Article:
Juniper Jackson on Jul 27, 2022 at 3:44 pm

The government can hardly afford to let that kind of money go to absolute strangers.. better legalize everything. ASAP. Like, yesterday. A funeral or 20 is still a lot cheaper than all that money going to organized crime, when it could be going to (un) organized government. Oh..and pot isn't addictive, and pigs fly too.

Up 61 Down 4

Al on Jul 27, 2022 at 3:21 pm

Enforcement - yes. Better yet would be a judicial system that is in tune and works in parallel with enforcement instead of pampering to the drug thugs. No bail along with mandatory sentences - no exceptions. Unfortunately, as has been stated here many times in this forum, it is not going to happen. It is one of the big pieces of the puzzle that is missing. Once that is in place then we shall see a reduction in crime. Until then it is the status quo along with an ever increase in drug trafficking. The courts MUST take a much stronger stand and support the efforts of those enforcing the laws of the land. Earn the big money you are being paid to protect the citizens.

Up 33 Down 3

Jeff Bikaboom on Jul 27, 2022 at 3:21 pm

"Illicit drugs, overwhelmingly provided by five organized crime networks, are estimated to have cost the Yukon $113 million in 2021"

In 2021, or as of 2021?
It would be interesting to see where the funds went so the public can gauge the effectiveness of their money spent.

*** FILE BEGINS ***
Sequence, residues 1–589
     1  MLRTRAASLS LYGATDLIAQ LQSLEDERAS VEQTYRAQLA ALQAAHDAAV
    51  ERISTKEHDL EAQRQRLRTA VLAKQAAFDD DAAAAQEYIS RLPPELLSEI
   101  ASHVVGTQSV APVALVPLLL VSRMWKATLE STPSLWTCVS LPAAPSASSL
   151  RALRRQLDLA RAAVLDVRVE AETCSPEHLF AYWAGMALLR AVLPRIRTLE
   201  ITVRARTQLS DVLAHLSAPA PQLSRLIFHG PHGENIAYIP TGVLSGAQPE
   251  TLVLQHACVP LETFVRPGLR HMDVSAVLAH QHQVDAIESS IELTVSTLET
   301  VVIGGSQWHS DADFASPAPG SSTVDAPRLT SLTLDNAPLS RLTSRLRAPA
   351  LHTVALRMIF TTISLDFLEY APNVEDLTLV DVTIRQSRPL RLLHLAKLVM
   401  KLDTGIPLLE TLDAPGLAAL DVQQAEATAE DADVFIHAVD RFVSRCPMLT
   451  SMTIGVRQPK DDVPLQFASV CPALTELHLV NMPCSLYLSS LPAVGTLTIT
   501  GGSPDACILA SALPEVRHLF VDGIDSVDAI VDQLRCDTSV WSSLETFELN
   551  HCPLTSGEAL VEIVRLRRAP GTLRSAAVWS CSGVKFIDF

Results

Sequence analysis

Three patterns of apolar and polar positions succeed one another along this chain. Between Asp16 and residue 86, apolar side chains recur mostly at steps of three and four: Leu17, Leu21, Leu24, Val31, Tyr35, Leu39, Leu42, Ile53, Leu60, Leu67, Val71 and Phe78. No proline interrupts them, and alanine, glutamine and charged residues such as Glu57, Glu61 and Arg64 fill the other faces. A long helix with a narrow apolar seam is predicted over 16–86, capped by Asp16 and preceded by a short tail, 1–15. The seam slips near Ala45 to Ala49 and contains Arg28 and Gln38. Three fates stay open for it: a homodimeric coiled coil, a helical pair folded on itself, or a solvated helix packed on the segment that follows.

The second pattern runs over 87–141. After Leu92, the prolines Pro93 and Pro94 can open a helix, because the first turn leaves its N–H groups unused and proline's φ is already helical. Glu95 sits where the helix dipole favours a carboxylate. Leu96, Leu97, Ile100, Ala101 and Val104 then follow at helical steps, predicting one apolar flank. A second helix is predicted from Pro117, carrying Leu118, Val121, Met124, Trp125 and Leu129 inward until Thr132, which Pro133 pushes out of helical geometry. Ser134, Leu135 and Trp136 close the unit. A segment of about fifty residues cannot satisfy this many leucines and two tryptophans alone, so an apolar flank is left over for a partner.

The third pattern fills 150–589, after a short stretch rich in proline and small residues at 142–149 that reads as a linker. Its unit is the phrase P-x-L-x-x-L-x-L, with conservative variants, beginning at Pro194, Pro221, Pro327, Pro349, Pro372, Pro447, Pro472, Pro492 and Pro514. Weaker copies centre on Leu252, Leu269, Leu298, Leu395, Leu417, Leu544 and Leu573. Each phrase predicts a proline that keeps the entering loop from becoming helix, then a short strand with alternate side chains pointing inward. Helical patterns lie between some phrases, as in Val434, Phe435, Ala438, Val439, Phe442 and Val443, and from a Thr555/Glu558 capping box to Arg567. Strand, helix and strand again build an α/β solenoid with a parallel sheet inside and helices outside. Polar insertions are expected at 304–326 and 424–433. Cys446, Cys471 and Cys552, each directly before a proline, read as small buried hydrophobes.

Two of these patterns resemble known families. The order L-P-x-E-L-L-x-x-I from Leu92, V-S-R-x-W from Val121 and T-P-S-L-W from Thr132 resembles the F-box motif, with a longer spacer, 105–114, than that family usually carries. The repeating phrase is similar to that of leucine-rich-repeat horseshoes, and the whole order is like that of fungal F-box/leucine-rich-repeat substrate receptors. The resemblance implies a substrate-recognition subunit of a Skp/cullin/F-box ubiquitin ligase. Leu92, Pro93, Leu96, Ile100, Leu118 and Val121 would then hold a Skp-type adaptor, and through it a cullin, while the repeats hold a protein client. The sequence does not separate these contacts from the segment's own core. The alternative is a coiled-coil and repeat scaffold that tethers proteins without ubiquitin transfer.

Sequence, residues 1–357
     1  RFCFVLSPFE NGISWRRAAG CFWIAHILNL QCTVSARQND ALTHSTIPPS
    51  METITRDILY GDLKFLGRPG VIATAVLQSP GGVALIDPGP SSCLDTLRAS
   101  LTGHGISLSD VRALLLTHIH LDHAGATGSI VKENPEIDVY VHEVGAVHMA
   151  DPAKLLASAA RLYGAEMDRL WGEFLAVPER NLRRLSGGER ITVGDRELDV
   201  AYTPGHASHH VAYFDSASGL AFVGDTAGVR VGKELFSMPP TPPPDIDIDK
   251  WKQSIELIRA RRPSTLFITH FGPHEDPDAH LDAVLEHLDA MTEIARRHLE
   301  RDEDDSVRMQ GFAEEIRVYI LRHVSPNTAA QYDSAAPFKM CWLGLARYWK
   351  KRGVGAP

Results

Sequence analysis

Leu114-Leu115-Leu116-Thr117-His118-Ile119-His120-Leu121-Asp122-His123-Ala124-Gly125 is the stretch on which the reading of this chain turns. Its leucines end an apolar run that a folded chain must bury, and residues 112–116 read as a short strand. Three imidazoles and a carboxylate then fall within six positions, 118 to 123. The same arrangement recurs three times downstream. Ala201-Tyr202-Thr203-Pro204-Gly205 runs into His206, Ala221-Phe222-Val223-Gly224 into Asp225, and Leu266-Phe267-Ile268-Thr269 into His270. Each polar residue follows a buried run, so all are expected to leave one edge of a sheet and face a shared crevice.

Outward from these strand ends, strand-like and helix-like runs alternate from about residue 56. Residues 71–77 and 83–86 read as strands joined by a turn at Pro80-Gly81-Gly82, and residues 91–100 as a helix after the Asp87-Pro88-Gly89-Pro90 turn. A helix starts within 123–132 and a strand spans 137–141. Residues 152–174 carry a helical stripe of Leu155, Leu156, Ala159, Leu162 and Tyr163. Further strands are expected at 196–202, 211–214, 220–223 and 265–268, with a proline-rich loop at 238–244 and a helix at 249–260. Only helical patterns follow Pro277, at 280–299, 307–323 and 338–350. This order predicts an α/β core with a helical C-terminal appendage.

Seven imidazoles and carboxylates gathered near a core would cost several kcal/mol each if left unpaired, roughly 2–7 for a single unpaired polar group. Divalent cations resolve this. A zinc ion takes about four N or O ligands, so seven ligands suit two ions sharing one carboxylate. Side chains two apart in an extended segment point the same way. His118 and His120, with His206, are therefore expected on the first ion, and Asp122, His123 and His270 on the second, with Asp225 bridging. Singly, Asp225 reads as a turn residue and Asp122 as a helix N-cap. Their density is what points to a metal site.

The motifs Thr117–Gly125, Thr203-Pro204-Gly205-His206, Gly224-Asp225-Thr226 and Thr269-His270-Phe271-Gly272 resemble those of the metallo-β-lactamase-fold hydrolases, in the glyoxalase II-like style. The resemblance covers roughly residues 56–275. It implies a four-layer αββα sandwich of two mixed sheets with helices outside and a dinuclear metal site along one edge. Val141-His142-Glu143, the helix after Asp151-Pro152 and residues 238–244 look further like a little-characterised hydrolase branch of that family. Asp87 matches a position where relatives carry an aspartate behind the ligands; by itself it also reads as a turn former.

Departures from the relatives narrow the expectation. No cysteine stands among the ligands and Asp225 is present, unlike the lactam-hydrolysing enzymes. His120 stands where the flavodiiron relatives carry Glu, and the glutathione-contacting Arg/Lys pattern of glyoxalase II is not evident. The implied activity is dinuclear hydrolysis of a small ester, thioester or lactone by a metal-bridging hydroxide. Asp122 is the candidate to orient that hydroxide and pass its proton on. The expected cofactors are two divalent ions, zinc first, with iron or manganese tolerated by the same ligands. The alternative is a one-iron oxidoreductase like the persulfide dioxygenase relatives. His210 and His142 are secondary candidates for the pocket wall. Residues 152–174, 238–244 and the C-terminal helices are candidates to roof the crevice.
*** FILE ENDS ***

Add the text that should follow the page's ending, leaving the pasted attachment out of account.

Up 62 Down 5

Richard Smith on Jul 27, 2022 at 3:16 pm

The RCMP and McPhee were involved in creating the "Crime Reduction Unit"

A lot of good that will do when, a few weeks ago, two individuals were caught red-handed with an illegal loaded weapon and large amount of fentenyl - one was released and the other will probably get a slap on the wrist.

That useless court decision should have been a Pearl Harbor type of rallying war cry against the lienient courts.
Instead, not a peep from McPhee or Silver.

Up 52 Down 6

Drug Dealers are People Too! on Jul 27, 2022 at 3:07 pm

It’s a good thing Judges don’t impose any real consequences such as jail or the price tag for the drug trade would be much higher. Maybe Judges should start mandating clients to an Ethical Drug Dealers Workshop or two:

Don’t get high on your own supply
Don’t kill your customers with bad drugs
Don’t sell to government workers as they cannot be both regulators and consumers too - Conflict of interest for sure
Don’t step on your product - Purity sells
Know exactly what you are supplying - Provide a list of ingredients FFS!
Have a referral source for when you run out - No jonesing certified supplier

Get creative! Ethical Drug Dealers unite!